Globalization and Language Essay Introduction
Globalization is the process of something becoming global, being transformed from a local or regional phenomena into a global one. With globalization, there is a movement of people coming together, unifying into a single society and functioning together. This process is not only an economic one, but also affects the technologies, politics, and cultures of the entire world. It is facilitated by the media of communications. Through radio and satellite information, we can reach the entire globe almost instantly; important events, or those deemed important by the people controlling the media, are broadcast around the world. This rapid flow of information around the earth is the globalization of knowledge, which is generally a good thing. However, with globalization there is the fear of homogenization when it comes to local cultures and customs. With popular culture being broadcast everywhere and imitated, the entire world is slowly starting to look, sound, smell, and even taste the same, no matter where you travel. This effect of globalization is commonly seen as a negative consequence of the modern world. Since the sharing of information is an integral part of globalization, the language or languages this information is transmitted in is fundamental to the process. Currently, experts believe there are around 6,500 languages in use today. Out of those, however, only 11 languages account for more than half of what the world’s population speaks daily. Those languages include Mandarin Chinese, Spanish, Hindi, French, Bengali, Portuguese, Russian, German, Japanese, Arabic, and English.
Globalization and Language Essay Body Paragraphs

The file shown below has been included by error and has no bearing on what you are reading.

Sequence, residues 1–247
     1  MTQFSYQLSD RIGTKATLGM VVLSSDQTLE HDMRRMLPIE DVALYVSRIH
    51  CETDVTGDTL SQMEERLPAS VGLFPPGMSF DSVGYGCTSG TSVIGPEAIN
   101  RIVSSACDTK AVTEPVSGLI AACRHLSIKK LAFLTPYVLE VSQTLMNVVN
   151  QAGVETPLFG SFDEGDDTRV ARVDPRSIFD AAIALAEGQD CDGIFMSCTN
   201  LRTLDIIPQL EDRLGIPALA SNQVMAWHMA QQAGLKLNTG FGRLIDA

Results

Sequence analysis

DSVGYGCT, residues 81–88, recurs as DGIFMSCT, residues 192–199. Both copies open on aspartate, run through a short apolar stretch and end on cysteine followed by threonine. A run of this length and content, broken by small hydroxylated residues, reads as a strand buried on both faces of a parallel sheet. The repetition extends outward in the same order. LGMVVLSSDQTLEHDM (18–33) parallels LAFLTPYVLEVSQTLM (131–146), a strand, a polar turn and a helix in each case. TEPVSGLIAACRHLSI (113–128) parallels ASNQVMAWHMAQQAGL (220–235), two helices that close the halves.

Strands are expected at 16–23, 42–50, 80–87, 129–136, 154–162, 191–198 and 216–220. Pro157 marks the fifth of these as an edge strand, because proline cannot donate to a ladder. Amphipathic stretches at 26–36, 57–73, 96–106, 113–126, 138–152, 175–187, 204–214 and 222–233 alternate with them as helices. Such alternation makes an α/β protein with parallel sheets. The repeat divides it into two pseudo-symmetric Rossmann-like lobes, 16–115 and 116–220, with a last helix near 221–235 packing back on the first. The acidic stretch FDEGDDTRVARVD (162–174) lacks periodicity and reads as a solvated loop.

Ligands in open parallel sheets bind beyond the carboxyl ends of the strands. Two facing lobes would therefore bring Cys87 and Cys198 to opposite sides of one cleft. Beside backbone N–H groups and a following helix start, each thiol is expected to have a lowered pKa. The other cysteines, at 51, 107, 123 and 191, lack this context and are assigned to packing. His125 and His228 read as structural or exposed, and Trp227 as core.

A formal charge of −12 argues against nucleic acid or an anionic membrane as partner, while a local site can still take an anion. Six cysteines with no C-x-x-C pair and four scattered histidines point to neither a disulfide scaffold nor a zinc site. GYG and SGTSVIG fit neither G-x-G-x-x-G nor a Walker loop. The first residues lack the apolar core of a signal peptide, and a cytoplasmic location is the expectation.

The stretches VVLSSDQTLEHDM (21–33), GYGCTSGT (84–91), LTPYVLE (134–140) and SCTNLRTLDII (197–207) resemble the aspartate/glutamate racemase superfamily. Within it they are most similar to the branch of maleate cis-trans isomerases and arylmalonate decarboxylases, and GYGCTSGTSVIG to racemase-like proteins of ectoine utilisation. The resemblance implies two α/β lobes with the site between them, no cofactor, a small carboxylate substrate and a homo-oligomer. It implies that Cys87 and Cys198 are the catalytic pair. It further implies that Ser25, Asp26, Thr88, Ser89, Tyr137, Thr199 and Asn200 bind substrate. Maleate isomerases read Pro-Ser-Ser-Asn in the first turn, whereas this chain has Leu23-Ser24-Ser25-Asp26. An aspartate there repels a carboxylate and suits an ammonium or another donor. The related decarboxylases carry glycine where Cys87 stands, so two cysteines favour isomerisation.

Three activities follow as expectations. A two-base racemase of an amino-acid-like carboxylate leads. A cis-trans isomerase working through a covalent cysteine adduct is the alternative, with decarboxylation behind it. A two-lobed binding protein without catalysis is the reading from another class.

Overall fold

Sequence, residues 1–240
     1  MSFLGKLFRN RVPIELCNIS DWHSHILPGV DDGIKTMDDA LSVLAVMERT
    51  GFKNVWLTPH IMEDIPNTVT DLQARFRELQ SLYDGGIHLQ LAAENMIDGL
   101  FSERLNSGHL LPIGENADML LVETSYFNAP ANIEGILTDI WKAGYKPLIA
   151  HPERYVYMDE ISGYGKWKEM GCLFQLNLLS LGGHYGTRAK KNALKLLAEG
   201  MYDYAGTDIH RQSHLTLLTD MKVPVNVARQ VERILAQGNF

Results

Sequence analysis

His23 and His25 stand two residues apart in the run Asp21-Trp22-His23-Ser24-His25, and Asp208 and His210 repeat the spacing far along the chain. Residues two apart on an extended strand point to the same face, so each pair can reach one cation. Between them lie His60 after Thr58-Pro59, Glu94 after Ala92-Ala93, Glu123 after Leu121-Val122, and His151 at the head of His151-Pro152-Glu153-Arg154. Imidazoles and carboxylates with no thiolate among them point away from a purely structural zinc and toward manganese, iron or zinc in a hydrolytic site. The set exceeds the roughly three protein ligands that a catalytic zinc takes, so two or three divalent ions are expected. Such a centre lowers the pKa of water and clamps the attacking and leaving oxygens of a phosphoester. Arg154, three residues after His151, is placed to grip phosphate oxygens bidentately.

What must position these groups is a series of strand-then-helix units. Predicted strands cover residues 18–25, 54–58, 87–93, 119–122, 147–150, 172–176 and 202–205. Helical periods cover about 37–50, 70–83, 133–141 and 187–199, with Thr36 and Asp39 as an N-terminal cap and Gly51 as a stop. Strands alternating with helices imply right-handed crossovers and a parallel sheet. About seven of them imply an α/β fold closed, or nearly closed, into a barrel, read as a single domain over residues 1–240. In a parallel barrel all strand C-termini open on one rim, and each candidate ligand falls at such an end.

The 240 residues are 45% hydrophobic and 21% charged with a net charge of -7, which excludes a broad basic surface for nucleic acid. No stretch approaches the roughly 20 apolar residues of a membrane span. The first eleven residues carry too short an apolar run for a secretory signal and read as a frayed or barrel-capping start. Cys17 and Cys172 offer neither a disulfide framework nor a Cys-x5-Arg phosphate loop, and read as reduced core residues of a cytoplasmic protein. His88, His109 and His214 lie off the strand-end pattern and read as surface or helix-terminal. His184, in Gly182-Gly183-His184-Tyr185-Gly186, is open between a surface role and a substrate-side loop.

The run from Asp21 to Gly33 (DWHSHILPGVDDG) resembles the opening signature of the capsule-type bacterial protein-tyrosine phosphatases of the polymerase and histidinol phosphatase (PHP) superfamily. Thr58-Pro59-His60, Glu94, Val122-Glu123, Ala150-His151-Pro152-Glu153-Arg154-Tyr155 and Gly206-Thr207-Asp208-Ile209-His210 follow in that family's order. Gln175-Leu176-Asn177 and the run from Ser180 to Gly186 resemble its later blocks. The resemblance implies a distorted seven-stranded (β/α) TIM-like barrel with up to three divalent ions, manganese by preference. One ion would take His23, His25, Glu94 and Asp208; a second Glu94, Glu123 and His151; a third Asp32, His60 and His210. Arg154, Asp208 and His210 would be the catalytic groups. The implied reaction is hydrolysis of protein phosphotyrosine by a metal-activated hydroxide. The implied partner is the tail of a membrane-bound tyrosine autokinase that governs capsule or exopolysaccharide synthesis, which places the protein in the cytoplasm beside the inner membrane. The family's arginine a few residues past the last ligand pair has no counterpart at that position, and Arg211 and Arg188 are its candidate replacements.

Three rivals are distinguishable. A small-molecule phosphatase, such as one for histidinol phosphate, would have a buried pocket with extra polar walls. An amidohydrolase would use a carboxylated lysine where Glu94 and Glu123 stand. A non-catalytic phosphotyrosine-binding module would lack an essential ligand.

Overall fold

On the flip side, it is believed that more than half of the world’s languages have fewer than 5,000 people currently speaking it, and on average one language is lost every two weeks. Since language is one of the major signifiers and connecting factors of a culture, it can be inferred by just looking at these statistics that so many languages being lost and barely used is an indicator of the loss of those cultures as well. It is easy to see that with globalization, imported cultures can push out the indigenous ones- wiping out the smaller cultures and languages while homogenizing the local linguistic varieties. A good example of this is Canada. When the area was first colonized in the early 1600s, there were over 60 active languages being spoken. Now however, apart from the domination of English and French, only one native language has succeeded somewhat in staying alive: Inuktitut, spoken in the Northern regions of Canada by approximately 35,000 Inuits. Extreme examples such as this, however, are due to a very forced kind of globalization whereby the new culture has taken over and, in many cases, purposely wiped out the native customs. Left to its own devices, though, similar results will occur, just over a longer period of time. There is evidence, on the other hand, that this theory of linguistic homogenization may not be the case. Recently, steps have been taken to help preserve those minority languages that are at risk of being lost like so many already have. The European Charter for Regional or Minority Languages (ECRML), for example, is a treaty adopted in 1992 under the Council of Europe to protect and promote historical regional and minority languages in Europe, applying only to those languages traditionally used by the nationals of the specific country, thereby excluding languages used by recent immigrants. These protected languages cannot be merely local dialects of the official or majority languages, though, and must either have a territorial basis, traditionally spoken by populations of regions within the State, or be used by linguistic minorities within the State as a whole, thus including languages such as Yiddish and Romani which are used over a large geographic area including multiple countries. The treaty sets out a number of specific measures to promote minority languages over all fields of public life, of which the country must choose at least 35 to enact. This charter has been used by more than 20 European countries, most notably in Spain where Basque, Catalan, and Galician have all won co-official status, in order to maintain and develop Europe’s cultural traditions and heritage, but also to respect the right to use a minority language in private and public life. The fact that this treaty was made and the reasoning behind it illustrates the importance languages have to our cultures and the growing concern over their possible extinction. Due to the way globalization works, it would make sense that the most widely spoken language would also be the dominating culture, but this isn’t quite true. Chinese is the language with the most number of speakers, with estimates of well over 1 billion people currently using it. English has only over half the number of speakers Chinese does, but is listed as the official or co-official language of over 45 countries. This makes more sense when you see that China’s population is around 1. billion, while the combined populations of the United States and the UK don’t quite reach 400 million. However, nearly 2 billion people are currently learning English and it is the de facto language of science, aviation, computing, diplomacy, and tourism. Also, over half of all Internet websites are written in English, and it is still the most commonly used language between people of different linguistic backgrounds. With such a large chunk of the world speaking Chinese, however, you would think that English would not dominate the world so heavily. There are quite a few reasons why English has won out in the past, though. First and foremost, because it was the official language of the British Empire, which comprised of the dominions, colonies, protectorates, mandates, and other territories ruled by the United Kingdom that had originated with the colonies and trading posts established in the 16th and 17th centuries. This was the beginning of the spread of English and globalization as a whole. By the 1920s, the British Empire covered nearly a quarter of the earth’s landmass and ruled about a quarter of the world’s population, all of which was governed by the English language. What’s interesting to note is that some of these previously colonized nations have chosen to keep English as their official language. This can be seen in India, where in 1950, the freed government decided to name Hindi as the official language and planned to phase out all use of English by 1965. However, since India has so many linguistic and ethnic minorities contained in it’s territory with more than 400 native languages, it was decided that having English as its official language, and Hindi as co-official, would be a more ‘ethnically neutral’ option. This decision to use English because of its neutrality can be seen in other places as well. In Iraq, the Kurdish officials refuse to do business with the central government in Arabic, instead choosing English. Because they know that the government will not nderstand their own native tongue, they use English as a symbol of resistance to the cultural and political hegemony of the Arabic-speaking majority. Also, in some former French colonies where French is the ethnically neutral lingua franca, people are starting to see English as a better option not only for its versatility in the world, but also because promoting English rather than French can be a kind of resistance to neo-colonialism in their country. Currently, English still thrives as the most popular language because it has become a business tool. With much of the world’s economy tied up in English-speaking countries, such as the United States, and a common language needed to be able to communicate, it only makes sense that the major power would determine what language will dominate the world market. This choice of English is incidental, many believe, and subject to change. “If the dollar continues to drop,” says Josh Hayden, president of a social networking site for English learners around the world, “the most viable option could shift. Mexico and Korea don’t need English to communicate if Korea begins to find it profitable to learn Spanish. ” (Dubner) English has also been able to survive as a dominating language because of its inherent linguistic properties. It is a very adaptable, quickly-evolving language which easily incorporates loan words from other languages, keeping it alive and growing. It’s also a fairly simple language, grammatically, since it lack grammatical gender, adjectival agreement, and contains minimal inflection, unlike most other Indo-European languages. Unlike Chinese, it is a-tonal, thus making it much easier to pronounce, and though there are many exceptions to the rules in English, it is a language very forgiving to accents, mispronunciations, and mistakes, making it one of the easiest languages for non-native speakers to learn and express themselves in. With this wide spread of English that is being co-opted and modified by so many non-native speakers, many believe that there will be a proliferation of ‘glocal’ Englishes- languages mixing English with their local dialect. This effect can already be seen in the many pidgin and creole dialects, simplified languages formed from two or more separate dialects, found in places around the world. So while English may be wiping out many languages, it can be argued that at the same time, it is giving birth to new ones. An interesting substitute for English as the global language I found during my research is a language called Esperanto. Esperanto, which means ‘one who hopes’ in the language, is the most widely spoken constructed international language in the world, with estimates of nearly 2 million fluent speakers. It was developed in 1887 by L. L. Zamenhof as a universal second language to foster peace between countries and international understanding. Today, it is used in things like world travel, cultural exchange conventions, radio broadcasting, and is the working language of several non-profit international organizations. The language itself is a kind of pidgin, employing grammar and semantics from Indo-European languages, phonemics from Slavic languages, and vocabulary mostly from Romance languages, and is growing in popularity around the world. As it advances, globalization seems to be picking up speed, and soon we may be hearing about language learning and language conservation as more debatable political issues. It is no longer sensible to associate certain languages with certain places; nobody owns language any more and this may prove to be especially troubling to those whose language is popularly used by non-native speakers. Whether or not languages homogenize or English stays as the dominating language are very disputable issues that have yet to be seen, but what’s obvious is that globalization is an integral driving force in the transformation of our world, breaking down territories and dividing lines and opening up information available to everyone. Works Cited Amaladoss, Michael. “Global Homogenization” . Dubner, Stephen J. “What Will Globalization Do to Languages? ” The New York Times, May 28, 2008. Hoelzgen, Joachim. “Language Nerds to Tackle Globalization” Spiegel Online, June 4, 2008.